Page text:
How Do I Record Depreciation Expense?Gwinnett CPA Advises Atlanta Taxpayers: Depreciation Expense Deductions


Properly claiming and recording depreciation expense is a critical component of ensuring that a business claims its lowest legal possible tax. Failure to be keenly sensitive to the many nuance and laws surrounding a business’s proper claiming of depreciation expense can cause both undue tax obligations and potentially the assessment of penalties and interest. Being aware of many of the general guidelines of this perplexing section of tax code can help you avoid potentially unnecessary record-keeping issues and administrative burdens.

"At His CPA PC we work hard to make sure you receive every legal tax deduction your business is entitled to. Tax law allows for the aggressive deduction of fixed assets such as equipment and furniture that you can deduct in full in the year of purchase if you qualify. Be sure you “don’t leave any tax deductions on the table” when preparing your business’s annual income tax return."
— Gwinnett CPA, John Dillard CPA

Fixed Assets

Fixed assets are items a business owns that have a value to the business beyond a year and are capital in nature (i.e., furniture, equipment, buildings, etc.). All fixed assets, except for land, are legally allowed to be depreciated/amortized over their lives as defined by tax code.

While GAAP (Generally Accepted Accounting Principles) requires a business to depreciate items over their useful lives, which often is different than what tax law requires, tax law is very specific as to the allowable periods and methods of depreciation. A company therefore who has an audit and has financials presented in accordance with GAAP requirements is most likely to have depreciation expense recorded on its books which will be different from that recorded on their income tax return. However many companies who do not have such limitations or who prepare complied financial statements on an income tax basis might wish to track their fixed assets on tax basis for both their returns and compiled financials.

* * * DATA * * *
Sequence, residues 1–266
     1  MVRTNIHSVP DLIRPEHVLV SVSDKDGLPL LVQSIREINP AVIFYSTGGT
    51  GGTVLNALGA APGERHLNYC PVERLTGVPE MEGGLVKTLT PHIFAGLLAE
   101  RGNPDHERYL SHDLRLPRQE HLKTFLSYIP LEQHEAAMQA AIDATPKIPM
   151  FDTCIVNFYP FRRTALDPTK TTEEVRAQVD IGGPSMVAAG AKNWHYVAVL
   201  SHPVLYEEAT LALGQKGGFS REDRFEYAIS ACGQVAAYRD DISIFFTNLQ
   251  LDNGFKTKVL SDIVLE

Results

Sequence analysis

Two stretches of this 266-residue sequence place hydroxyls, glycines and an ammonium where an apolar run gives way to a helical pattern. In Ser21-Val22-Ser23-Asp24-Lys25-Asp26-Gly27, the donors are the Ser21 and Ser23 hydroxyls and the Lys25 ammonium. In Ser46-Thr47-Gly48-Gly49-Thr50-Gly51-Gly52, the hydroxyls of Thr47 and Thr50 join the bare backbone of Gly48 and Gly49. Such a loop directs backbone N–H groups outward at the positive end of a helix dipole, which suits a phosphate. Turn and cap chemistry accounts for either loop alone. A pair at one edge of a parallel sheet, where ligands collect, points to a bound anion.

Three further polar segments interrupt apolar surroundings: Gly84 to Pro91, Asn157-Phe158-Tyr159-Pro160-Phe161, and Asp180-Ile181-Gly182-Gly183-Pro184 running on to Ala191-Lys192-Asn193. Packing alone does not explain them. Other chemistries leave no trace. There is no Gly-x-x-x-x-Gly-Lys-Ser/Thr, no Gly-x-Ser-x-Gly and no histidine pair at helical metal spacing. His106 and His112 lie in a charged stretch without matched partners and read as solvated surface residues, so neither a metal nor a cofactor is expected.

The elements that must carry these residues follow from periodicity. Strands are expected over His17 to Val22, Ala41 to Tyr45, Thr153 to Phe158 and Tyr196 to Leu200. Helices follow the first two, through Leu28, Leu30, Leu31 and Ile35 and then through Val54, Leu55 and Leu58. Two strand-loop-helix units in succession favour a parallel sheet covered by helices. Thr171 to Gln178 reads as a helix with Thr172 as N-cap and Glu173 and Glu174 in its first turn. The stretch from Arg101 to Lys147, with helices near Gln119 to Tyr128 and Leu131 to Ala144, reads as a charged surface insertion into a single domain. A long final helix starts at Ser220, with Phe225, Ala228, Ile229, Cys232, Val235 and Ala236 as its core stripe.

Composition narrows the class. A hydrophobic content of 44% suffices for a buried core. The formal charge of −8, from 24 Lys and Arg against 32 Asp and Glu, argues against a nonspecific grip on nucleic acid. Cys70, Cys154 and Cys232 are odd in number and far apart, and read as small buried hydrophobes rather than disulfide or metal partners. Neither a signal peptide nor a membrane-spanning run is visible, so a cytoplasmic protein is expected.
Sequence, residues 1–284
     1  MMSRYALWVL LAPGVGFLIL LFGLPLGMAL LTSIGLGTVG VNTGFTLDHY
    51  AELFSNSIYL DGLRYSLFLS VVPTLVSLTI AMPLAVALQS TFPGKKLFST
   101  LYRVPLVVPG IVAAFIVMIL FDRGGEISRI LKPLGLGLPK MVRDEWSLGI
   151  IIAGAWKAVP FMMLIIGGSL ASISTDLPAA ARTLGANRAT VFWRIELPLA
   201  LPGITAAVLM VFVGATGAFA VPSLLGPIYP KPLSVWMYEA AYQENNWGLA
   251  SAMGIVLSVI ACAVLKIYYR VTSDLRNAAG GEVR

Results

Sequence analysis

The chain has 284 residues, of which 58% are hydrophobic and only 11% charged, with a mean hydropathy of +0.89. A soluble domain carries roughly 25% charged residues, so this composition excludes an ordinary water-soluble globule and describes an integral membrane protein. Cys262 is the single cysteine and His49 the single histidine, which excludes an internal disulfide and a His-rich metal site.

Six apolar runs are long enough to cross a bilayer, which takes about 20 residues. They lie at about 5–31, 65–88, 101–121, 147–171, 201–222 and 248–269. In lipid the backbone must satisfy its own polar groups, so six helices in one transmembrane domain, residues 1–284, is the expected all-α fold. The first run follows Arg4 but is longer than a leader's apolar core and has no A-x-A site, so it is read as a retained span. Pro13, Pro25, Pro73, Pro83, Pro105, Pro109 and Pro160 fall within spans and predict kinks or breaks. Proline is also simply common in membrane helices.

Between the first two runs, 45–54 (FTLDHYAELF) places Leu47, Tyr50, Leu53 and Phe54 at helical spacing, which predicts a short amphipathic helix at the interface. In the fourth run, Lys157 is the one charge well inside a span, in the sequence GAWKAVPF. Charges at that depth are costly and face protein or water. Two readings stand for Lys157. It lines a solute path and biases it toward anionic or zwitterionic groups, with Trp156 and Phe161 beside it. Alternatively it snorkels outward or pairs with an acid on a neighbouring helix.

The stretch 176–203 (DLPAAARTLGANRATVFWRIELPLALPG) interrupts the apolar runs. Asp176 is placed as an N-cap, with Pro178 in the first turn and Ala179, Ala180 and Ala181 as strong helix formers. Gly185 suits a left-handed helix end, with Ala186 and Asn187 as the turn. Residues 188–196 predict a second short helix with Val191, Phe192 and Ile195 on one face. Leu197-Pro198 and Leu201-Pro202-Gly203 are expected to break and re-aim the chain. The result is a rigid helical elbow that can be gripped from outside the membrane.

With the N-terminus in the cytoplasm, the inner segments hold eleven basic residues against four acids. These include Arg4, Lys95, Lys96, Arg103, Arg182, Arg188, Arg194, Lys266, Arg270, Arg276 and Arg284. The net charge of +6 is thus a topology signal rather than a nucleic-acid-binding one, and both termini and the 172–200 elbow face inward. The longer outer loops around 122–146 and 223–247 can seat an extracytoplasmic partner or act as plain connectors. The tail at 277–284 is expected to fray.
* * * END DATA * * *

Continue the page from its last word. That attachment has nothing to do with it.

Section 179

Section 179 depreciation has long existed in tax code allowing businesses to rapidly depreciate the purchase of qualifying fixed assets. Generally speaking this computation would include items such as furniture or equipment but would not include passenger vehicles or commercial and residential real estate. Section 179 by tax law is limited to an annual amount that the business claims as profit. In order for Section 179 depreciation to be valid it is required to be claimed on the original return and cannot be claimed as a new item on an amended return. As tax law also limits the amount of Section 179 depreciation an individual can claim on their personal return to that years statutory amount, due care should be exercised in tax planning especially for those who have investments in multiple "flow through" entities.

Deducting Real Estate

Tax law has long held that real estate is deductible over a dramatically longer period than other fixed assets. The classification of a particular real estate item will determine the length of time to depreciate an item. Generally tax law has long held that commercial real estate has the longest period over which to depreciate. Residential real estate is second. Land, per tax law, is not part of the deductible basis and should not be included in a particular asset’s basis.

The first year of an asset’s depreciation expense is also based upon/limited by the month an item is placed in service. Care should be given in the depreciation of all assets but especially for real estate, since real estate generally will grow in value over time. One may find a large gain on the sale of a depreciated real estate asset, making its tax basis/book value even lower than originally purchased, and therefore the gain higher than perhaps a layman might anticipate.

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